Friday, 29 June 2012

Going back to my roots

Friday 29th June 2012
The clearest of morning skies

Remember those carrots that never came up? No, I'm not going to tell you that they've all magically and mysteriously sprung up in the last few days. Quite the reverse. They've been an unmitigated disaster. The spring onions have fared just as poorly, as well as a couple of my beetroot varieties. A combination of three factors has caused this. First, my own miserliness, trying to use old seed that had been poorly stored. Second, the washout spring and early summer we've had. And third, the plague of slugs we've encountered this year.

In fact, things have been so bad I've been avoiding this quarter of my veg patch, letting the onions, shallots and garlic get on by themselves. They're planted to deter the carrotfly!
Of course, the easiest way to deter carrotfly is to have no carrots!!!

My root beds (after a tidy up)

Back to my roots
Today's job was to go back to my roots. I ventured in, equipped with shears, hoe and trowel. At least if I could tidy up the edges and weed out the weeds, with the sun shining I might just see a chink of light at the end of the tunnel.

... And there it was. My salsify was flourishing between the sage plants I've dotted around for the general well-being of the veg patch.
Salsify and Sage doing well.
The other end of the salsify bed was waiting for my celeriac seedlings, and they went in today too. This root is in fact a form of celery where the base swells up and is the part to eat. I prefer it to celery as I find the taste more delicate. Besides, those whiskery, bearded roots always make me smile when I pull them up in the autumn. Celeriac needs a long season to succeed in this country, and home-grown plants never quite achieve the clean lines and the stature of those in the shops, but it is nevertheless a crop which I find well worth the effort.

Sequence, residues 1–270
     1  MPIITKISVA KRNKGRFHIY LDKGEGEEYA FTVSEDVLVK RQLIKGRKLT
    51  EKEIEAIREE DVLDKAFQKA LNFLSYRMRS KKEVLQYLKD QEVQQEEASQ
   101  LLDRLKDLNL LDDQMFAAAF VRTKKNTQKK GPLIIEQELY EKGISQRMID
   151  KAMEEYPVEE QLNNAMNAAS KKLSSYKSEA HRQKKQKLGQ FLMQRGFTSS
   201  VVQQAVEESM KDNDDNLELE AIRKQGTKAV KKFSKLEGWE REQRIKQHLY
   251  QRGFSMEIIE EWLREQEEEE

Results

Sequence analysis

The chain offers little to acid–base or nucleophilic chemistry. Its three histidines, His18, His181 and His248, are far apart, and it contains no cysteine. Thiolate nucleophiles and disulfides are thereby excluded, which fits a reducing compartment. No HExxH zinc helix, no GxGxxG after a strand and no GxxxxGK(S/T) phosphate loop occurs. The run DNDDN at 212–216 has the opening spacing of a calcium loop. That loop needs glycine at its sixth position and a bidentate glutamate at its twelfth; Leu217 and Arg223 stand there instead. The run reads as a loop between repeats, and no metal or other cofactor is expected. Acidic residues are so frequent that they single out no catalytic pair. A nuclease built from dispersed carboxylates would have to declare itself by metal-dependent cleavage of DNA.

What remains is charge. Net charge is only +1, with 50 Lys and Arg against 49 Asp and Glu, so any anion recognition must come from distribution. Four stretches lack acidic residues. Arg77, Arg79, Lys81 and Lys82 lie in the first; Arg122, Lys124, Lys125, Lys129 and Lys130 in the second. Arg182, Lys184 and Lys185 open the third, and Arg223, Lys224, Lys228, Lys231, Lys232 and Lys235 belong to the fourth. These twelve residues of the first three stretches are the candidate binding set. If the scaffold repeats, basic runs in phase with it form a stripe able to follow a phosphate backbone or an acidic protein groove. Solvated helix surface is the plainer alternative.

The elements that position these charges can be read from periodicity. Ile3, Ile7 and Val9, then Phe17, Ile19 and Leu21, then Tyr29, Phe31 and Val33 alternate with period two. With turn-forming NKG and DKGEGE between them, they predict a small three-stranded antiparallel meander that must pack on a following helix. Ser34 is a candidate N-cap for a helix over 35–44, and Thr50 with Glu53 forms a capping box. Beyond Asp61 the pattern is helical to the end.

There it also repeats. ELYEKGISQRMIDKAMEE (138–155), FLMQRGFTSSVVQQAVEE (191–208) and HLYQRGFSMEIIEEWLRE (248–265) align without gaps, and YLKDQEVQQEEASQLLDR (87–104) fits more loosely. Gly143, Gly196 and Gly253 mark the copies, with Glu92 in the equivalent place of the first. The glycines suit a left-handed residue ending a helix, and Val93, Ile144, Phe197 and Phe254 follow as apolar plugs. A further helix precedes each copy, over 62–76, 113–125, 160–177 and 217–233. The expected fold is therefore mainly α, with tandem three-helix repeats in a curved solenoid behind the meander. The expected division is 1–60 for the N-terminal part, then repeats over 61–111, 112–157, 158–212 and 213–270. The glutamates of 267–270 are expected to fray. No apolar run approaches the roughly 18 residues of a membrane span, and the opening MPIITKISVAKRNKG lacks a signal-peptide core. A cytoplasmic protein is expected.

Spurred on by my discovery of a thriving salsify crop, I uncovered just a few carrot plants, borne of the toughest seeds.

The idea of some beautifully sweet, early carrots is a distant memory now. So too the multicoloured succession of roots plucked straight from the ground and lucky to make it back to the kitchen before being munched.
But I figure it's not too late to try for a crop to enjoy in the autumn and to store through the winter. So I've resown some of my beds with seed purchased this year. The slugs are more under control, the weather seems less inclement and I reckon things might just turn out OK.

Mixed success in the beetroot bed.
Over in the beetroot and onion bed, the Red Ace beetroots have fared pretty well. About three quarters of the line has come up, so I filled the gaps today. The Chioggia, those wonderful beetroots with their rings of colour, were much more sparse. And the Burpees Golden, Sue's favourite... Two plants in a twelve foot row!
I've resown the seed I had left over from the last two varieties in seedtrays to give them as much chance as possible of at least getting a start in life, and I used any leftover seed to partially fill the gaps. I may just get a few extra plants if I'm lucky.

(please don't ask me exactly how to pronounce it. I've done well to spell it!)
The scorzonera and maincrop carrot bed is difficult to fathom at the moment. There's certainly no carrots come up and it's hard to find more than a few young scorzonera plants, but they do look so like grass and are terribly difficult to pick out in amongst the stray blades. Since my veg beds were carved out of a lush sheep paddock, eradicating the couch-grass and dandelions from them has been a drawn-out process, but one which I am definitely winning.